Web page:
ORIGINAL RESEARCH article
Sec. Cognitive Neuroscience
Volume 15 - 2021 | https://doi.org/10.3389/fnhum.2021.620413
Individual Differences in Working Memory and the N2pc
- 1Mt. Holyoke College, South Hadley, MA, United States
- 2Hampshire College, Amherst, MA, United States
- 3Psychology Department, University of Richmond, Richmond, VA, United States
- 4Claremont McKenna College, Claremont, CA, United States
The lateralized ERP N2pc component has been shown to be an effective marker of attentional object selection when elicited in a visual search task, specifically reflecting the selection of a target item among distractors. Moreover, when targets are known in advance, the visual search process is guided by representations of target features held in working memory at the time of search, thus guiding attention to objects with target-matching features. Previous studies have shown that manipulating working memory availability via concurrent tasks or within task manipulations influences visual search performance and the N2pc. Other studies have indicated that visual (non-spatial) vs. spatial working memory manipulations have differential contributions to visual search. To investigate this the current study assesses participants' visual and spatial working memory ability independent of the visual search task to determine whether such individual differences in working memory affect task performance and the N2pc. Participants (n = 205) completed a visual search task to elicit the N2pc and separate visual working memory (VWM) and spatial working memory (SPWM) assessments. Greater SPWM, but not VWM, ability is correlated with and predicts higher visual search accuracy and greater N2pc amplitudes. Neither VWM nor SPWM was related to N2pc latency. These results provide additional support to prior behavioral and neural visual search findings that spatial WM availability, whether as an ability of the participant's processing system or based on task demands, plays an important role in efficient visual search.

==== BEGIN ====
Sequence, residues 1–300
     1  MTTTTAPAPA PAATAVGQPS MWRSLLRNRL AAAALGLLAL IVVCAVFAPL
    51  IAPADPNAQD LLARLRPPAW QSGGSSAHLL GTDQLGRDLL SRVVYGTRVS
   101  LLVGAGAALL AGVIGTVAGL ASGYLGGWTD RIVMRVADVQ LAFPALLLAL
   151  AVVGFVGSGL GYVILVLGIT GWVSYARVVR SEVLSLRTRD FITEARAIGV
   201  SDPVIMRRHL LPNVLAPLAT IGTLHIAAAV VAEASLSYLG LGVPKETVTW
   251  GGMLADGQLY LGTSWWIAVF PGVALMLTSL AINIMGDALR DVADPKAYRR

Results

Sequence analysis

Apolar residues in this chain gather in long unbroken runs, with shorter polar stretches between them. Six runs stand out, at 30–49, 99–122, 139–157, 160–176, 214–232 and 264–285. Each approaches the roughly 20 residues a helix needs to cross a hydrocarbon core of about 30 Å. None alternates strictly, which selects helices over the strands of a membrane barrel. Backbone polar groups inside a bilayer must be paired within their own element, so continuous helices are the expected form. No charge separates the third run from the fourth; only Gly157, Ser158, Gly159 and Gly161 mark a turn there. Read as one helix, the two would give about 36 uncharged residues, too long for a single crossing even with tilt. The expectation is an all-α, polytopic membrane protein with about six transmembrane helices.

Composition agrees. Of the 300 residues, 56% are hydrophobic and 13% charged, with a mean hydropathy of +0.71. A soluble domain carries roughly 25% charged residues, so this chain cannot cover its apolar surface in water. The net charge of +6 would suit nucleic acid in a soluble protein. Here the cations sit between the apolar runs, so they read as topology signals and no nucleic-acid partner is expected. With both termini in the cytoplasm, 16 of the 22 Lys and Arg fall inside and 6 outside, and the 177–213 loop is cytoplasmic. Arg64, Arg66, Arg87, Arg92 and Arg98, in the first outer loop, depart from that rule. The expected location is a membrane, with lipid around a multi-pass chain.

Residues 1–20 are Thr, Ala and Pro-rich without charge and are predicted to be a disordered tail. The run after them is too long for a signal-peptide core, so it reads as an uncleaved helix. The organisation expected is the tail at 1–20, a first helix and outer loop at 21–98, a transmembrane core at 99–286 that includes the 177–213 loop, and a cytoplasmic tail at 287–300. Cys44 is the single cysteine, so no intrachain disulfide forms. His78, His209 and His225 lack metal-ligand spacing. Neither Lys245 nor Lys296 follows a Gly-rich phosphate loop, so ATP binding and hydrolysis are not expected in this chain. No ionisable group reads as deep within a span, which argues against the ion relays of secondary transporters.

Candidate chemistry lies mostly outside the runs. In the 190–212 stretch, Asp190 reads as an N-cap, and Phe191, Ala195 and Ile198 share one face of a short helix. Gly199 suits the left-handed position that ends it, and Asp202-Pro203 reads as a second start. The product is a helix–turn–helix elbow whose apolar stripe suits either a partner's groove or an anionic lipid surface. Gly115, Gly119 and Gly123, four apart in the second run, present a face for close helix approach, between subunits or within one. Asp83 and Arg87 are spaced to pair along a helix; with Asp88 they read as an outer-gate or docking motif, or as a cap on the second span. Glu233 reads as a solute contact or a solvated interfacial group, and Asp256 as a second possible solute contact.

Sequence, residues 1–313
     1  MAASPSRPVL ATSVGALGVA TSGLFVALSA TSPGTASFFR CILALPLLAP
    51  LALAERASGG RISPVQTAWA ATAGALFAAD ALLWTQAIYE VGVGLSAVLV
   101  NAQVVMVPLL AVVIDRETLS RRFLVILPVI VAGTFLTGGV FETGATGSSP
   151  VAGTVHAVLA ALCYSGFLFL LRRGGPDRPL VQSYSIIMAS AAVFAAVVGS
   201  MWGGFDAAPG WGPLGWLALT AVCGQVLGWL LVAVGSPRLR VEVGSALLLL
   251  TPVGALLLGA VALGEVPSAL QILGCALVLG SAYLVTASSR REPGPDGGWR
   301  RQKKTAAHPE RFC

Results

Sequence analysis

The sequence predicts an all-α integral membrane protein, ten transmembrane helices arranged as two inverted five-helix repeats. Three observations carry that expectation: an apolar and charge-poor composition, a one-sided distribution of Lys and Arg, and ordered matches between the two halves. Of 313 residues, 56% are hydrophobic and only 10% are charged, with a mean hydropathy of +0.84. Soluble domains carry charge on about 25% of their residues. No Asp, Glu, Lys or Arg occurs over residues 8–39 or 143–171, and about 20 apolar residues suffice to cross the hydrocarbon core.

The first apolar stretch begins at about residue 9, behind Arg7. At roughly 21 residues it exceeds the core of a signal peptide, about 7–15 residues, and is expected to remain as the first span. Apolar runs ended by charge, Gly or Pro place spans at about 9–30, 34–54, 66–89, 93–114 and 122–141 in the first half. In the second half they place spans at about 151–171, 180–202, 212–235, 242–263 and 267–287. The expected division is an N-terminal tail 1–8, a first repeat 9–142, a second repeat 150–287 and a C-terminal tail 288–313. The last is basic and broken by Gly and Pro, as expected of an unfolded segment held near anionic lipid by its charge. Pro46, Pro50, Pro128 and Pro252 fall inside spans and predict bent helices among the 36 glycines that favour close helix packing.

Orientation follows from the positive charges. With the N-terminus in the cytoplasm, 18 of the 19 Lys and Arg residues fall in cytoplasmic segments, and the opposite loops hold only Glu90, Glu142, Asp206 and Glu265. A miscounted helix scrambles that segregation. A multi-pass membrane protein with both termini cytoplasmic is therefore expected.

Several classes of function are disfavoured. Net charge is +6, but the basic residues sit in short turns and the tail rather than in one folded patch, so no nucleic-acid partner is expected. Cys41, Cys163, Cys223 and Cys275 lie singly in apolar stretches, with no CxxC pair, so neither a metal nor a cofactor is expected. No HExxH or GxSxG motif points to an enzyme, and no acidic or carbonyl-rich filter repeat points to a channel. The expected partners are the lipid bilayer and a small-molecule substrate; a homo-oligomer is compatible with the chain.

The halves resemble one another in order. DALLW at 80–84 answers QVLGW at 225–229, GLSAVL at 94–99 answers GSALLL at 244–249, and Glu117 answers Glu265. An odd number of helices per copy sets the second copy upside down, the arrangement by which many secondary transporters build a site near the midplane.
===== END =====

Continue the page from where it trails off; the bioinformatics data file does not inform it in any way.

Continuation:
Every day we are presented with visual scenes that challenge our attentional system, whether that is finding our cell phone on a cluttered desk or searching for a friend in a crowd. To function, we need an attentional system that can quickly and accurately assess the visual field to determine what in the environment is currently relevant. Selecting out relevant information during a visual search requires identifying objects as well as resolving conflicts between competing objects using selective attention and working memory. In the context of visual search, selective attention has often been examined through the N2 posterior contralateral component, or the N2pc. The N2pc has been shown to be an effective electrophysiological marker of attentional object selection when presented with a visual search task, reflecting selection of a target item among distractors (Luck and Hillyard, 1994a,b; Eimer et al., 2011).